The data and data bus are 16 bits w ide

The core is 24 bits wide

These devices have a lot of computation capability and on­ board peripherals

Once you learn the fundamentals of using PIC microcontrollers,

there is plen­ ty of room to grow

the information in this book applies directly to the 14-bit core parts

Chances are that when you choose a part for a project or product,

it won't be the one you begin your learning experience with

Learn with the PIC16F818 and branch out later to learn about other devices that interest you

You will need an PIC16F818 data sheet (really a book) as a ref­ erence as well as a data sheet for each device you become interested in later on

This informa­ tion is available on Microchip's web site

Microchip has product family information available on their web site

As I am writing this,

you can select 8-bit PIC Microcontrollers,

then PIC16MCU to arrive at a matrix of information con­ sisting of devices going down and features going across the matrix

Their web site is constantly changing,

so you may have to poke around a little to get there

Compare the features and layout of devices of interest with the soon to be familiar PIC16F818 as a reference point

SELECTING A DEVICE FOR EXPERIMENTS This book is not about one or two specific PIC microcontrollers

The information presented will serve as a foundation for working with all Microchip microcontrollers

In order to do experi­ ments and to create code that works,

we must select a specific device to work with

By making minor changes,

the code examples in this book will run on many other PIC microcontrollers in the 14-bit core product line

One of the great things about C is that code can be ported from one device to another easily

I have chosen the PIC16F818 is the example because: • It has 18 pins (small)

• It has an internal clock oscillator with 8 speeds selectable via software

The 8 speed clock oscillator is a relatively new design used in many new devices currently being introduced by Microchip

• It has the best mix of on-board peripherals (timer/counters,

A/D converter) for beginner and intermediate level experimentation

• It has in-circuit debugging capability built into the device which you will find is a big advantage as you move forward to more complex projects

There are lots of features and their associated registers inside the PIC16F818 which I will keep hidden from you so you don't have to worry about them until some time down the road (next book)

The PIC 16F818 will appear to you as a simple device with a few pins which will go unused for now

When choosing a dcvice for an application,

one would look at factors such as program memory size,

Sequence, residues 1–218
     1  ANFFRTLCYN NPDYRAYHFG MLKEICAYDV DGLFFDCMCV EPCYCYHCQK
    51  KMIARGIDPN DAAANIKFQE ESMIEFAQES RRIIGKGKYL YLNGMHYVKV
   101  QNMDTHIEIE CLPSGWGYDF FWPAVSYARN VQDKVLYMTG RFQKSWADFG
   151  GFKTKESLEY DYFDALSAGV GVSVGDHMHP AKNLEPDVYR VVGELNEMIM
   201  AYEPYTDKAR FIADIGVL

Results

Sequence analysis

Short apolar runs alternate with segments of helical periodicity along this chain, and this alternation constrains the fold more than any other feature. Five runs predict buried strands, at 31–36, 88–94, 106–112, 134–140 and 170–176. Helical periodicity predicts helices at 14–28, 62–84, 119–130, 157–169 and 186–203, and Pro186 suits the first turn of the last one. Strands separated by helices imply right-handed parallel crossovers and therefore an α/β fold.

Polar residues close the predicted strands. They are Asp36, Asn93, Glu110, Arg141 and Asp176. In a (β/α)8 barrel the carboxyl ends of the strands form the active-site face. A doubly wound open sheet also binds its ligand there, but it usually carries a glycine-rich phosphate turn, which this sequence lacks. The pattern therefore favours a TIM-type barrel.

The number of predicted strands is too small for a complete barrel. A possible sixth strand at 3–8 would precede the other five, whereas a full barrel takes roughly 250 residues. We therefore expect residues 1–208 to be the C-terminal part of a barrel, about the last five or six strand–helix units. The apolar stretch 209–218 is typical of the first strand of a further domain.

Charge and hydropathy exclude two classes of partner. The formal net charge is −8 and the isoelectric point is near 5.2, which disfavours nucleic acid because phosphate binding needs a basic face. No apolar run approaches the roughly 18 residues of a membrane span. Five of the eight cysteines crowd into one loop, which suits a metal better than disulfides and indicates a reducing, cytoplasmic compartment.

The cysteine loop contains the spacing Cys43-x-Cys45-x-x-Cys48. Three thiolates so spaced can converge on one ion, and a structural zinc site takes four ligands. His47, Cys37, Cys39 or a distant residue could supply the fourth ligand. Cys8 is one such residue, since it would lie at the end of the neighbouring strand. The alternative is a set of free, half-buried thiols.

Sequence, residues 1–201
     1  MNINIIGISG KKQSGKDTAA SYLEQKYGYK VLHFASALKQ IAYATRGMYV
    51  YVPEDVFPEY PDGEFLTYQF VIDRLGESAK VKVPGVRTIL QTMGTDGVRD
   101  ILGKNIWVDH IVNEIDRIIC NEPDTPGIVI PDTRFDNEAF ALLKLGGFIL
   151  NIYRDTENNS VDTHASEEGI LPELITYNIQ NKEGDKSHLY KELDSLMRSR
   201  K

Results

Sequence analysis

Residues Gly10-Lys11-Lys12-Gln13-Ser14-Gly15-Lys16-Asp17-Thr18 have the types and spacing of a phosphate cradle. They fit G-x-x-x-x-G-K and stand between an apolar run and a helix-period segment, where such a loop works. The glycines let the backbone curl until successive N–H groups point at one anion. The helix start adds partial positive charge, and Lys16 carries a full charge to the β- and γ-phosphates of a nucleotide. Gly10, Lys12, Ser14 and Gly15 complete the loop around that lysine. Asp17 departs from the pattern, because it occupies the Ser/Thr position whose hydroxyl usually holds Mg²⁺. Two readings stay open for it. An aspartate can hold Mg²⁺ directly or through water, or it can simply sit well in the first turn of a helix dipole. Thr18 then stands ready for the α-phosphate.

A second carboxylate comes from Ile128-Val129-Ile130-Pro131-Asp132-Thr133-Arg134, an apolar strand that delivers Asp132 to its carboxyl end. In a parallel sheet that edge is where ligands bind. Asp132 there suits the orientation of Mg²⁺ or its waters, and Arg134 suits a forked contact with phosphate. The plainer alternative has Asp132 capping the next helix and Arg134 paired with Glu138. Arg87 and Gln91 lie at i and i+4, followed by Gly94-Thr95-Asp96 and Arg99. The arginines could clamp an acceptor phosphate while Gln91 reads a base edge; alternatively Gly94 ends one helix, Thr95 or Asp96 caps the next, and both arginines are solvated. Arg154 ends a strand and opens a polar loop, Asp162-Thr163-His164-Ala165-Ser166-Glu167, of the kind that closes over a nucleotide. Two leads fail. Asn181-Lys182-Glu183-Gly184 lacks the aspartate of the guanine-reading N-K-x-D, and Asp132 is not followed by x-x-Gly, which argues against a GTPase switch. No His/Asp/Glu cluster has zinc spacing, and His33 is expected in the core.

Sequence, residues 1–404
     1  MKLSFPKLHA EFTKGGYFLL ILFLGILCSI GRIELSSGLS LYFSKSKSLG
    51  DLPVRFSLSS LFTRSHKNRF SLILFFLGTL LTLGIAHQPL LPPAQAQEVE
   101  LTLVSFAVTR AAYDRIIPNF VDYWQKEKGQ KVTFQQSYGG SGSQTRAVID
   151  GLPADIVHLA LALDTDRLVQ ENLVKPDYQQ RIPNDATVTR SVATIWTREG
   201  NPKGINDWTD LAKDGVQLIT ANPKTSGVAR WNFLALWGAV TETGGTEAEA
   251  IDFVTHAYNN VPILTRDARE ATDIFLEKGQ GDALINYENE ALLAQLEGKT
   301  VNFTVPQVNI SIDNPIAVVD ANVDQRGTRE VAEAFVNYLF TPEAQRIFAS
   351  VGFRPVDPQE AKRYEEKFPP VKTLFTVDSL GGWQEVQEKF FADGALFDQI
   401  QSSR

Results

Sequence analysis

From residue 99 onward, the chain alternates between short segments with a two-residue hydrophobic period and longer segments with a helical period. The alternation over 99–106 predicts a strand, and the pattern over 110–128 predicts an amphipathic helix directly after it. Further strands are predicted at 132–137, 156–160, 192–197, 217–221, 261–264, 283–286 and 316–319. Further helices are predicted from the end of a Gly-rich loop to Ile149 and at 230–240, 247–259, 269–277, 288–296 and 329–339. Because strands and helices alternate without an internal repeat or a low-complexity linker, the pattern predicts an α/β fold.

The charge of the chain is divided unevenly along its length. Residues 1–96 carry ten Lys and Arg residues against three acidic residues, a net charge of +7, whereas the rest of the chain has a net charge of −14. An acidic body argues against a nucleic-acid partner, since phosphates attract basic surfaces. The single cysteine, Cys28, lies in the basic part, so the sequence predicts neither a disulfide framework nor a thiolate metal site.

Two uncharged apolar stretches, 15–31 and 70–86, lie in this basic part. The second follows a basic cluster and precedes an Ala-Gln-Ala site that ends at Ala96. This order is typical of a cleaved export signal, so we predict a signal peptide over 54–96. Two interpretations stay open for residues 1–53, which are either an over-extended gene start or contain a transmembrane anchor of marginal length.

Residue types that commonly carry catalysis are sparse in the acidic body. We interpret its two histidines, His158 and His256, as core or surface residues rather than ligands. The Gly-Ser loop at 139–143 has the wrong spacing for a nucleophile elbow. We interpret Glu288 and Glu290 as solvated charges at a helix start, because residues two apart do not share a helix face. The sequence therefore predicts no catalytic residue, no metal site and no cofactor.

on-board peripherals such as A/D,

When firing up a device you have not used before for the first time,

you must do the following: • Determine whether or not there are analog peripherals (A/D and/or comparators) which must be turned off if not used

The CCS C compiler will do this for you as a default

• If there is a multi-speed internal clock oscillator (software selectable speed),

you must determine what speed it will run at when the device is powered-up and whether or not the speed must be changed during initialization of the device to suit your application

• Determine what features are controlled by the configuration word(s) as the device is programmed by the device programmer and what selections should be made

Using C will greatly simplify this process for you

• Determine how many configuration registers there are and how to write to them

Using C will greatly simplify this process for you

Explanations of these things follow as appropriate

I have made the choices for you when using the PIC16F818 as your example for the experiments

However,

I will show you how to do this on your own

PIC16F818 PINS AND FUNCTIONS

The PIC 16F818 is fabricated using CMOS technology

It consumes very little power and is fully static meaning that the clock can be stopped and all register contents will be retained

The maximum sink or source current for a port at any given time is as follows:

Any I/O Pin Port A Port B Sink current Source current

Supply current is primarily a function of operating voltage,

frequency and I/O pin loading and is typically 2 mA or so for a 4MHz clock oscillator and 5 volts

This drops to less than 100 microamps (even a few microamps) in the power-managed modes (see data sheet)

Because the device is CMOS,

All unused inputs should be pulled up to the supply voltage (usually I 5 VDC) via a 10 K resistor

PACKAGE The PIC16F818 is available in an 18-pin DIP package suitable for the experimenter

The current part number is PIC 16F818-I/P

CLOCK OSCILLATOR The internal clock oscillator may be used (most common),

or an external clock oscillator may be used

The details of various external oscillator circuits and components as well as internal clock oscillator use options are given in the Microchip data sheet

At pro­ gramming time,

the part must be told via configuration bits which clock oscillator option will be used

This will be explained as we go along

For experimentation,

we will use the internal clock oscillator as follows: • Default frequency (31

• 4 MHz for applications using a time delay (built-in function or timer 0)

RESET The PIC16F818 has built-in power-on reset which works as long as the power supply voltage comes up quickly

Commonly the MCLR pin is merely tied to the power supply using a pull-up resistor

A switch may be used to regain control if things run away

For our experiments,

we will use pin 4 as MCLR which stands for Master Clear (reset)

It will be pulled up to +5volts via a 47 K resistor to keep the device out of reset unless the MCLR pin is pulled low by some external device

If you choose to use one of the ICD-type in-circuit serial programmers,